Existential Angst

It’s all Neil deGrasse Tyson’s fault. First it was his “Cosmos: Spacetime Odyssey” on television. Then it was his irresistible book title: Astro-physics For People In A Hurry. Tyson says stars blow up and spread the hydrogen and oxygen necessary for life. 

All my life I’ve been successfully avoiding any tendency I might have for left-brained scientific thinking. Now, well into my 78th year I’m fascinated by decidedly scientific facts.  One good example is my new-found interest in the 13.8 billion year age of our universe. That’s 13,800 million years!

So tell me, when exactly was it that God stepped in and created humans? Was it an extremely long process that began 14 billion years ago? 5 billion years ago? Maybe 300 million years ago? 100,000 years ago? Hmmmmm.

Just this week I learned a Jewish theoretical physicist from Brazil won the Templeton prize. You know, the award given every year to someone who makes an essential contribution to the spiritual dimension of life. What’s going on here? This guy is a full-on left-brained, sequential-thinking scientist. Spiritual? No way!

Well, as it turns out there is a way. Marcelo Gleiser, that Brazilian scientist, says there are two kinds of spirituality. There is the one we think of first; the one where people of faith connect with a supernatural spirit or soul that is part of us. In Gleiser’s words “we somehow have these material and non-material parts of ourselves” we call soul or spirit. Then there is the kind he, as an agnostic believes in. He describes it as “the deep breathing-in of the natural world and the meaning of our existence in that world.” OK. I like that. 

Marcelo talks about how, when a star enters its super-nova, end-of-life phase it actually spreads throughout the galaxy the calcium, iron, hydrogen, and oxygen we are all made of. We begin, very literally as stardust. Isn’t it wonderfully mysterious and awesome that, for us earthlings it all started 4.6 billion years ago when our particular solar system was born?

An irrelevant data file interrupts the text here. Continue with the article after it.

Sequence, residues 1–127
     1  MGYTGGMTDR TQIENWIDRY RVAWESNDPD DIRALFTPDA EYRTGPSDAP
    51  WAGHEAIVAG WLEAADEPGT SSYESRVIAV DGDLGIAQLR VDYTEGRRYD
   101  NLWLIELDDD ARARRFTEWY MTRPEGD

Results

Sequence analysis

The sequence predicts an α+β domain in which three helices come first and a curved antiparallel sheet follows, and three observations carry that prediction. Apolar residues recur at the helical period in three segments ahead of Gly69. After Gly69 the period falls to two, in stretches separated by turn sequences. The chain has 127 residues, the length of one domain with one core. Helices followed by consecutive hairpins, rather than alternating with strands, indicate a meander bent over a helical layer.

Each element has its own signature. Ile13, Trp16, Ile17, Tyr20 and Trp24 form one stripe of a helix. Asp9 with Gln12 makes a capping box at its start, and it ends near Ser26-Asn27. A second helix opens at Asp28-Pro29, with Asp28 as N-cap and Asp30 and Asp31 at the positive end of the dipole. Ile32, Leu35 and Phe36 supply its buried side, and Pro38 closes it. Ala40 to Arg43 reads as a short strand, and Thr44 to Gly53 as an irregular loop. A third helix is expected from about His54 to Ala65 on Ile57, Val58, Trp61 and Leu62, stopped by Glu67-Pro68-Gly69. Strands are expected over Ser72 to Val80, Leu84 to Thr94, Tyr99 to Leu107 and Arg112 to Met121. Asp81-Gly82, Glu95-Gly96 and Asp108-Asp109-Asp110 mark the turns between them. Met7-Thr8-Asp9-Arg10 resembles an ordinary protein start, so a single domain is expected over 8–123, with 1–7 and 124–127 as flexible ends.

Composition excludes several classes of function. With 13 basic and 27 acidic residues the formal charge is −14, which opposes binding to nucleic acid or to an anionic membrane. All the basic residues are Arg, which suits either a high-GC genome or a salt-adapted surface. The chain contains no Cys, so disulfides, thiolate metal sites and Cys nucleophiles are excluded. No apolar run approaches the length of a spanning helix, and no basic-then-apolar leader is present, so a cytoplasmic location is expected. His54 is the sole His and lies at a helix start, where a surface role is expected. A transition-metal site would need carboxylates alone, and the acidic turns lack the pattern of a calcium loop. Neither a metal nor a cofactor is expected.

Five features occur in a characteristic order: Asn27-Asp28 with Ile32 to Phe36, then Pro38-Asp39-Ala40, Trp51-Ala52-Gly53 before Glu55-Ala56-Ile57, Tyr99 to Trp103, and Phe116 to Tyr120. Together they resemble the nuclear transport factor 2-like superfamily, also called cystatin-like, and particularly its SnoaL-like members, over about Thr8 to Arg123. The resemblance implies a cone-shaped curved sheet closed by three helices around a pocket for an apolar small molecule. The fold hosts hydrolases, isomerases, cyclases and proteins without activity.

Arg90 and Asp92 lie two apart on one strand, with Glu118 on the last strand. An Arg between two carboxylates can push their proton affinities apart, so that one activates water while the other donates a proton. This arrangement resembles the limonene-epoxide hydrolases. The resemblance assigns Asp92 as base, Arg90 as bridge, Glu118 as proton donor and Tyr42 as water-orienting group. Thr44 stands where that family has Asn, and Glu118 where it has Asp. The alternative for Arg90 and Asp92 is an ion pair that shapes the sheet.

Now, what about this thing called existential angst? For hundreds of years we’ve been pushing back on the idea of evolution because the more we look at it the less important we homo sapiens seem to be in the overall scheme of things. Do you suffer from it? I think I did at one time. But thanks to some great teachers over the years, most recently Marcelo Gleiser I no longer have any concern about our status in the universe. 500 years ago most of us got really angry at Copernicus for suggesting our earth was not the center of the universe. Fast-forward to today. Now we know we are decidedly not the center of the universe. Turns out our sun is merely one of 200 billion stars in our galaxy which is only one of 200 or 300 billion galaxies in the universe! Wha? We’re nothing right?

Not according to Gleiser. Please click here and learn how we are anything but insignificant. As a matter of fact there is ample reason for gratitude and full engagement in our singularly special place in the almost 14 billion year history of this universe.

I hope you will get to know Marcelo Gleiser interviewed on June 7 by Mary Hynes here.

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